Friday, 24 October 2014

The benefits of a warm Autumn

We have had a great Summer here in the UK with just about the right amount of rain and sunshine. This was then augmented by a blissfully warm beginning to the Autumn with the weather only finally cooling off in the last few days. This has resulted in a bumper crop of ripe 'Brown Turkey' figs from the garden.

Most years I have to resort to pickling the unripe figs so the efforts of the tree do not go to waste but this year we have a sudden glut of ripe and sweet figs. As much as we enjoy eating these raw with a little prosciutto ham, thin parmigiana slices and a green salad, the quantities we have this year might be a little much for this simple salad.

With Christmas on the way, I thought a nice warming fig jam might be in order. Perfect on toast or with a good strong cheese. I collected 1.2 Kg of figs from the tree.

These were then chopped and mixed with 1.2 Kg of preserving sugar and 1.5 tbsp of ground ginger.

This was left in a covered non metallic bowl for six hours to draw the moisture out of the figs. The resulting mixture was then transferred to a preserving pan with a peeled and diced cooking apple, 50 grams of chopped preserved ginger (in syrup), 90 ml of white wine vinegar, 280 ml of water and the juice of three lemons (as usual the rind goes into a jar with some vodka to be turned into Limoncello when I have enough rind).

Stir over a low heat until the sugar is dissolved then increase the heat and boil for around 20 minutes until the setting point is reached and the fruit is soft (220C). Leave to cool for a further 20 minutes before bottling in clean dry jars. Seal the jars and place in a dark cupboard for a month or so for the flavours to develop. A perfect reminder of the balmy days of 2014 during the potentially cold winter months.

Now in the jar, this rich brown jam tastes great (should be even better in a month or so). Thank you Summer :)

Wednesday, 22 October 2014

The first Autumn storm - Something warming needed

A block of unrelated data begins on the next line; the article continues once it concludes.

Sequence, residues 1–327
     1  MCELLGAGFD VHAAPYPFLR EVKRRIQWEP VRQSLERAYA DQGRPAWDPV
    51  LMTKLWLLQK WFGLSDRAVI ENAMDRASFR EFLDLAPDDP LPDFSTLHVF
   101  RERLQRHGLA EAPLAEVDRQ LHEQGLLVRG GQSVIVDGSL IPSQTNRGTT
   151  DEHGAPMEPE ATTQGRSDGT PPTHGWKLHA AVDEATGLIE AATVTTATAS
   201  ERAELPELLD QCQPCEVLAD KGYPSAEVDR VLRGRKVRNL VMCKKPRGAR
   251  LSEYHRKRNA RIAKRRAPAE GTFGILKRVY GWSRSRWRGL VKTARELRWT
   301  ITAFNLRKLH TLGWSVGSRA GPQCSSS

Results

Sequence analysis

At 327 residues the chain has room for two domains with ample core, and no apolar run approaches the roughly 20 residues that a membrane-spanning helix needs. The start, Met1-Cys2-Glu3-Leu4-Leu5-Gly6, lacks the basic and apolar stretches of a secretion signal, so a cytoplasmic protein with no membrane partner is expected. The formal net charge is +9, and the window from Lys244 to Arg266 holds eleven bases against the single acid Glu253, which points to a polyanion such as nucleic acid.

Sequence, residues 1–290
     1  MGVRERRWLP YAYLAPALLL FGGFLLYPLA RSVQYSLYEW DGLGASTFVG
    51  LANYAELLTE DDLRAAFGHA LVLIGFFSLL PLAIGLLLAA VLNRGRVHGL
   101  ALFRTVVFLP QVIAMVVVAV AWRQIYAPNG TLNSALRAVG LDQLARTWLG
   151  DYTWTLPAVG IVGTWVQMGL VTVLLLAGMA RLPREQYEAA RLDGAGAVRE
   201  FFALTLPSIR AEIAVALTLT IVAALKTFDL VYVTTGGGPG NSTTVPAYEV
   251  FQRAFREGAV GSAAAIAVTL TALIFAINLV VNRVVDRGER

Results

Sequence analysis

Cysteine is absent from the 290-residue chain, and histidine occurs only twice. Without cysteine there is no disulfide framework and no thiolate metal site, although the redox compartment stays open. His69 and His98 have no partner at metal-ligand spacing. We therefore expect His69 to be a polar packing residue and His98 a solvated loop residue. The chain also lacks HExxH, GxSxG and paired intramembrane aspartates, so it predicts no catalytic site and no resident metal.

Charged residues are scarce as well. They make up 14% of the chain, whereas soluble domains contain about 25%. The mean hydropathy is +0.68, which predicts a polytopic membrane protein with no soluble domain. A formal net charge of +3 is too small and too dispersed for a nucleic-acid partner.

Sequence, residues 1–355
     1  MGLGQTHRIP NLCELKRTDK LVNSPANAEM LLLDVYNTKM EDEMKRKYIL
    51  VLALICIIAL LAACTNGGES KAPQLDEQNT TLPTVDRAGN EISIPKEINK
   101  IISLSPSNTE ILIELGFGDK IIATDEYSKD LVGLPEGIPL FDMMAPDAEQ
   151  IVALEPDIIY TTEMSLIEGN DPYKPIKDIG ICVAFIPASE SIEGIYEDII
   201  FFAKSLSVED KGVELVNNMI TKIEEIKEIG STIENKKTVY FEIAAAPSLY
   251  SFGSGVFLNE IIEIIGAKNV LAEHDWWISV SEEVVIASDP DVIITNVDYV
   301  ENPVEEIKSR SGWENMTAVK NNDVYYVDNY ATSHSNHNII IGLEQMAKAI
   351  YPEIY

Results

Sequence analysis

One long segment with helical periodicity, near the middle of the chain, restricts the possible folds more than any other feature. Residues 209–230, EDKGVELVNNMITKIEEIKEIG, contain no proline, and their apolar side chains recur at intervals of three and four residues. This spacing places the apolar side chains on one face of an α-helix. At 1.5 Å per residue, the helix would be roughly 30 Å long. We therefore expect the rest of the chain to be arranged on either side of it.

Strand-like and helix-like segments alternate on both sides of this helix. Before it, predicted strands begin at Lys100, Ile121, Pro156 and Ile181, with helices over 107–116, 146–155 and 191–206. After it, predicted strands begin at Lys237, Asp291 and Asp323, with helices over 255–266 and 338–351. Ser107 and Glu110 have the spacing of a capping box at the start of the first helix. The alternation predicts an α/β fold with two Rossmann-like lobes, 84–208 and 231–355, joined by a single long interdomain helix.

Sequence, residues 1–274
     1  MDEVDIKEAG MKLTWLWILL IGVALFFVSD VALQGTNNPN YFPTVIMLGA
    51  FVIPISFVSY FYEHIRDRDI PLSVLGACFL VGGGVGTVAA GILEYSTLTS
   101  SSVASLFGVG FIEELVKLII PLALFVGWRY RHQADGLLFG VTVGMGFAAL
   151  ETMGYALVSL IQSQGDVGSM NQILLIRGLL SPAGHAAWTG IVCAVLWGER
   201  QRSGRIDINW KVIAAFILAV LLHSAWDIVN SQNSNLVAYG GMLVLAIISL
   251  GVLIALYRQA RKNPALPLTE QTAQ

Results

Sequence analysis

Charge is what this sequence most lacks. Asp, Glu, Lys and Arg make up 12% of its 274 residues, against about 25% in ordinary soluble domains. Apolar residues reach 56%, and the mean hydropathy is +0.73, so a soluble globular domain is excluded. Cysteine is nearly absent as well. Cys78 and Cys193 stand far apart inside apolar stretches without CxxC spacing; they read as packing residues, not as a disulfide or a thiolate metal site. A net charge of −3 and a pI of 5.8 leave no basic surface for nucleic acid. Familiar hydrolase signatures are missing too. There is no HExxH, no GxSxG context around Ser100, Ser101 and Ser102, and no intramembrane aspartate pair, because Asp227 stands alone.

After a Summer that felt like it would never end it was only fitting that as November approaches, an Autumn storm crashed the party. After a week of warnings about the remnants of hurricane Gonzalo hitting the UK with high winds and rain it turned out to be a bit of a damp squib in the South East of England. Nevertheless, the temperature fell from its balmy 20C to a much more Autumnal level and thoughts turned to a warming supper.

A trawl through the fridge revealed some chorizo that would  soon reach its best before date. This triggered an idea so I popped up to the shops for some chicken thighs. On my return I put a large cast iron casserole pot on the stove and put the heat up high. I added a little oil and then browned off  the thighs having cut some deep cuts into each to help them soak up the flavours of the dish. Once these were browned I removed them from the pan and finished them with a blowlamp to give them a little char grilled flavour to bring to the party.

I turned the heat down on the pan and added around 400 g of diced chorizo to brown. I then grabbed a bag of shallots from the vegetable rack. The smaller variety as these are
 what I happened to have.

I peeled and very coarsely chopped  8 of these and added them to the pan

Next I added two sticks of chopped cellery, 2 cloves of crushed garlic, 5 medium thickly cut carrots,  and 150 g of sliced mushrooms. I then added 350 ml of red wine and a litre of chicken stock along with a bouquet garni. Once this had come to the boil I popped it into the oven for 2.5 hours at 150C. The result was a warm, rich casserole that went perfectly with some butter beans in a light cream sauce. Eager to sample this comforting dish I clean forgot to take a photograph but trust me, it was a perfect meal for a blustery day. Bring on the winter.

Sunday, 12 October 2014

Another gluten free baking experiment

After replacing the flour in my last cake with coconut flour and being resonably pleased with the results I decided it was time to try again. The new recipe:

100g of coconut flour
100g of rice flour
1tsp baking powder
175g of coconut oil
175g of caster sugar
6 large eggs
2 or 3 drops of vanilla extract
2 tbsp caraway seeds

Soften the coconut oil and cream with the sugar. Add the eggs one by one until you have a loose batter. Now add the rice flour, vanilla essence and caraway seeds and mix well. Next add the coconut flour and the batter will stiffen to a more usual consistency for a Madeira style loaf cake. I like to sprinkle caster sugar on the top before it goes into the oven to give a crisp, sugary crust.

Put into a greased large loaf tin and place in the oven at 170C for 1.25 to 1.5 hours. Check with a knife and when cooked allow to cool.

The result

A good textured cake. Other than a hint of coconut (thanks to the flour rather than the oil). I was pleased with the results. The rice and coconut flour mix made this a much lighter cake perfect for those with a gluten problem.